My favorite way to enjoy salsa this summer is using my outdoor grill to cook up the ingredients. Now if that was not enough, try adding some wood chips and smoking the ingredients for an hour. It’s amazing! The first time I tried a smoked salsa was a few years ago while in Texas visiting my brother Ismael. This was before I was bit with the grilling bug myself, so I had not enjoyed it since that time. But as soon as the weather was nice, I prepared a big batch of smoked salsa at home. The first time, I did not add any beer and it was still great. But for carne asada tacos, I have enjoyed a grilled salsa borracha using a lager-style Mexican beer that cooks and blends well with all of the flavors of the salsa. If you like cooking with beer, this very traditional Monterrey style of salsa borracha is a must-have for your summer menu.
*Note: The red and green salsas are made with the same ingredients, except one has tomatoes (red) or tomatillos (green), so make sure you double all of the ingredients if preparing both.
You will also need 2 cups of wood chips, apple or cherry, soaked in water for at least 30 minutes.
1½pounds tomatillos (for salsa verde) or 1½ pounds Roma tomatoes (for salsa roja)
1medium white onion quartered or sliced thick
1large poblano or Anaheim pepper
4-5 serrano peppers
4 garlic cloves
6-8ounces Mexican beer (use a lager-style beer, not a dark beer)
salt and pepper to taste
2cups wood chips, apple or cherry, soaked in water for at least 30 minutes.
Drain water from wood chips and place near the hot coals. I like to lay the wood chips directly next to hot coals, but you could leave them in the pan. When it begins to smoke, add tray of vegetables to the indirect side. Open bottom vent near the fire halfway and do the same with top vent on the indirect side. Close lid and smoke for about 1 hour, turning as needed. After an hour, move all the peppers to the direct heat side and cook until skins char and blister. Remove all ingredients from grill.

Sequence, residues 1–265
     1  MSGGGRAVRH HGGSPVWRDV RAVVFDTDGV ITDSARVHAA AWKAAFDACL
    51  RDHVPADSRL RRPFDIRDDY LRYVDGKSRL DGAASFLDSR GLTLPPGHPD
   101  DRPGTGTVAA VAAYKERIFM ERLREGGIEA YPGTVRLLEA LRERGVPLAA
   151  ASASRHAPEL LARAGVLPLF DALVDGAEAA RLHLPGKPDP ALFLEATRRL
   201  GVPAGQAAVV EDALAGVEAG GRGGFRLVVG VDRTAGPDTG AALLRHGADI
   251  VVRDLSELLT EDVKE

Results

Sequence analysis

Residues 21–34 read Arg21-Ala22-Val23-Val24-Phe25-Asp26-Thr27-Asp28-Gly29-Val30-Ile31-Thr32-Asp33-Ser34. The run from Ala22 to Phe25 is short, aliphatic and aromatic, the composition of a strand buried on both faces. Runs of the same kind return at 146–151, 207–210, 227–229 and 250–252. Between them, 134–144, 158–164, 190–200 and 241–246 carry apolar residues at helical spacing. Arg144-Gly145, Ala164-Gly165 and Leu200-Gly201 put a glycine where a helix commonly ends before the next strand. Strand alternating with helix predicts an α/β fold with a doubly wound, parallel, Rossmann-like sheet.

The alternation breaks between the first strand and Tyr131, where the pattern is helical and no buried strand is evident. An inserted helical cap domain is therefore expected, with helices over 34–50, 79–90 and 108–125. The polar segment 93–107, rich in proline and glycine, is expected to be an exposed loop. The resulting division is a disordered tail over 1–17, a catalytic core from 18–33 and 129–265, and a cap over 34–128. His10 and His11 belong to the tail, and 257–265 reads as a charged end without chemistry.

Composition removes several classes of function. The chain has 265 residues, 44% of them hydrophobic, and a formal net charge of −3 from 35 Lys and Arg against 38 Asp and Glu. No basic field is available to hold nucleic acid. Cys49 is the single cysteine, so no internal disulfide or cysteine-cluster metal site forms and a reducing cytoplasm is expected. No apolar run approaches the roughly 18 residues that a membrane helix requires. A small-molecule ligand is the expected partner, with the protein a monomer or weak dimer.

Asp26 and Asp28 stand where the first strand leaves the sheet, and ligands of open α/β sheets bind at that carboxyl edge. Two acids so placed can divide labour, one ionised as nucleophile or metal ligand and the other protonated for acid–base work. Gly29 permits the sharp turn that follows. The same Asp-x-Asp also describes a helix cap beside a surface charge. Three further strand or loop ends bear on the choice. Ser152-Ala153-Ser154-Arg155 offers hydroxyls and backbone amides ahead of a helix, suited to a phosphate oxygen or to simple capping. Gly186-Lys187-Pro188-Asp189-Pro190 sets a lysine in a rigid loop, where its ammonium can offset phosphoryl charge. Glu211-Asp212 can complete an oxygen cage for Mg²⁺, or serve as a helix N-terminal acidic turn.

In a skillet, heat 2 tablespoons of olive oil to medium heat. Divide the ingredients if making both the red and green salsas and prepare them in separate pans. Add the tomatoes or tomatillos, onions and serranos. Remove blistered skin from poblano or Anaheim, peel skins from garlic. Rough chop poblano (or Anahiem) and garlic and add to pan. Reduce heat, add beer and season with salt and pepper to taste. You can use a hand-held blender or a potato masher to break down the salsa as it simmers. Continue cooking salsa for 15 to 20 minutes or until it reduces slightly and becomes thicker. Remove from heat. Serve at room temperature.
Garnish tacos with finely chopped onions, cilantro and lime wedges.
If you want a stronger smoked flavor, you can try hickory or mesquite wood.
When referring to indirect heat, it means the side of your grill that has no heat source or fire.
A quick carne asada: In the blender, combine and blend juice of 2 limes, 2 cloves garlic, 1 serrano, 1 1/2 teaspoons oregano, 1/2 teaspoon pepper, 1/4 cup olive oil and salt to taste. Marinate 1 1/2 pounds of sirloin tip thin steaks for at least 2 hours. Grill on high heat for 2 to 3 minutes per side. Let rest for 2 minutes, then chop finely for serving and making tacos.